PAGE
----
Cablegate: Usaid and Goss Open New Roads, Local Authorities Criticize


DE RUEHKH #0359/01 0711009
P 111009Z MAR 08





E.O. 12958: N/A

1. Summary: On Thursday, March 6 and Friday, March 7 USAID,
Consulate General Juba, and the Government of Southern Sudan
commemorated the groundbreaking of two new road projects to help
rebuild infrastructure in Southern Sudan. The combined projects
will cost in excess of $100 million and will connect major cities
and trading centers in the south. Local authorities in Western
Equatoria State criticized the GoSS for not responding to their
desires on the routing of their new road. End Summary.

SISP Project Gets Underway
2. The Government of Southern Sudan (GOSS) and the United States
Agency for International Development (USAID) have jointly identified
the heavily traveled road between Juba and Nimule as the first
priority for investment under USAID's Sudan Infrastructure Services
Project (SISP). SISP aims to build and rehabilitate critical
infrastructure that will restore basic services, build markets and
consolidate peace. The Nimule road is the most direct route between
Juba and the important trade hubs of Nairobi, Kampala and Mombasa.
Improving the road will significantly benefit the markets and
economy of Southern Sudan.

3. The planned development of the 192-kilometer road starts with
demining, emergency repairs to severely deteriorated and failing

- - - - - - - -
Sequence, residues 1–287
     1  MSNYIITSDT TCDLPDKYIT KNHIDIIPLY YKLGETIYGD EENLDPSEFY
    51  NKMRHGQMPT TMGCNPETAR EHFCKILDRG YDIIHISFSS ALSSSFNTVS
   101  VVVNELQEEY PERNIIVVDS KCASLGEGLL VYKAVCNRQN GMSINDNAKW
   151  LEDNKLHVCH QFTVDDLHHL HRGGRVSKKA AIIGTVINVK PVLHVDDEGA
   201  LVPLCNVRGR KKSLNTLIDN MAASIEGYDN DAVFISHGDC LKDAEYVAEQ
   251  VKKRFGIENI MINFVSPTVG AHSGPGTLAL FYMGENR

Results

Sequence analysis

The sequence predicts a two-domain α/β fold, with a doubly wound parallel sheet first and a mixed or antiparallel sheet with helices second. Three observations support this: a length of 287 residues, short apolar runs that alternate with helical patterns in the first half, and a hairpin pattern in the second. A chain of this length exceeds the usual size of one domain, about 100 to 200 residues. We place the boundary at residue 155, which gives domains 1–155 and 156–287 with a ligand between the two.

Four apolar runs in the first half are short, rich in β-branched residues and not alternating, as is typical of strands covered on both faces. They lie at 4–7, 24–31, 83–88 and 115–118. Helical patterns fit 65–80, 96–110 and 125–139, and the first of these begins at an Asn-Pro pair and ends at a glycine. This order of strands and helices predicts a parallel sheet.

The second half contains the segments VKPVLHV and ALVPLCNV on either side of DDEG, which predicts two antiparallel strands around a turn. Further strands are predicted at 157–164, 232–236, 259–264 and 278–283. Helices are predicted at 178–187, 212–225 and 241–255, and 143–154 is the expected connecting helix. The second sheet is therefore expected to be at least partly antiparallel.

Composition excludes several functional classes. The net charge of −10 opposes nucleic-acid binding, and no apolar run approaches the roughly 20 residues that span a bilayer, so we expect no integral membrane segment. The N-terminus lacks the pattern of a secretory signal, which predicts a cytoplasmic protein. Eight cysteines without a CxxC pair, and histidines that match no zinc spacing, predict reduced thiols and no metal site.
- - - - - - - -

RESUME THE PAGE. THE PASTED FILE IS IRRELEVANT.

bridges, and re-grading and maintenance of the existing roadbed. A
topographical and geophysical survey, replacement of seven bridges
and design and construction of a new paved road will follow. USAID
already has obligated over $26 million of the estimated $70 million
required for roadway repair and reconstruction. It is anticipated
that additional funds will be provided in order to support the rapid
development of the project. Construction will require 16 to 20
months to complete once the design-build contractor is mobilized.

GoSS Touts Peace Dividend
4. The March 6 inauguration of this project was overseen by
President of the Southern Sudan Salva Kiir Mayardit, who
participated despite a heavy schedule that required him to leave
directly after the ceremony for Khartoum. Consul General
Christopher Datta was a keynote speaker. He was told by members of
Kiir's delegation that the President was making this a major media
event in order to demonstrate the peace dividend the CPA is bringing
to Southern Sudan. Southern television and radio gave the event
extensive coverage, including broadcast of large portions of CG
Datta's speech touting U.S. cooperation with the GoSS and support
for the CPA.

Yambio-Tambura Road Project Kickoff
5. The next day saw a similar ground breaking ceremony for the
Yambio-Tambura road, part of a corridor that will eventually connect
Juba to Wau via Yambio. This project also aims to build and
rehabilitate critical infrastructure that will help to restore basic
services, build markets, and consolidate peace. The Yambio-Tambura
road runs parallel to two international borders - Central African
Republic and Democratic Republic of Congo - through the state of
Western Equatoria, often considered the "bread basket" of Southern
Sudan. The road reconstruction will increase food security, and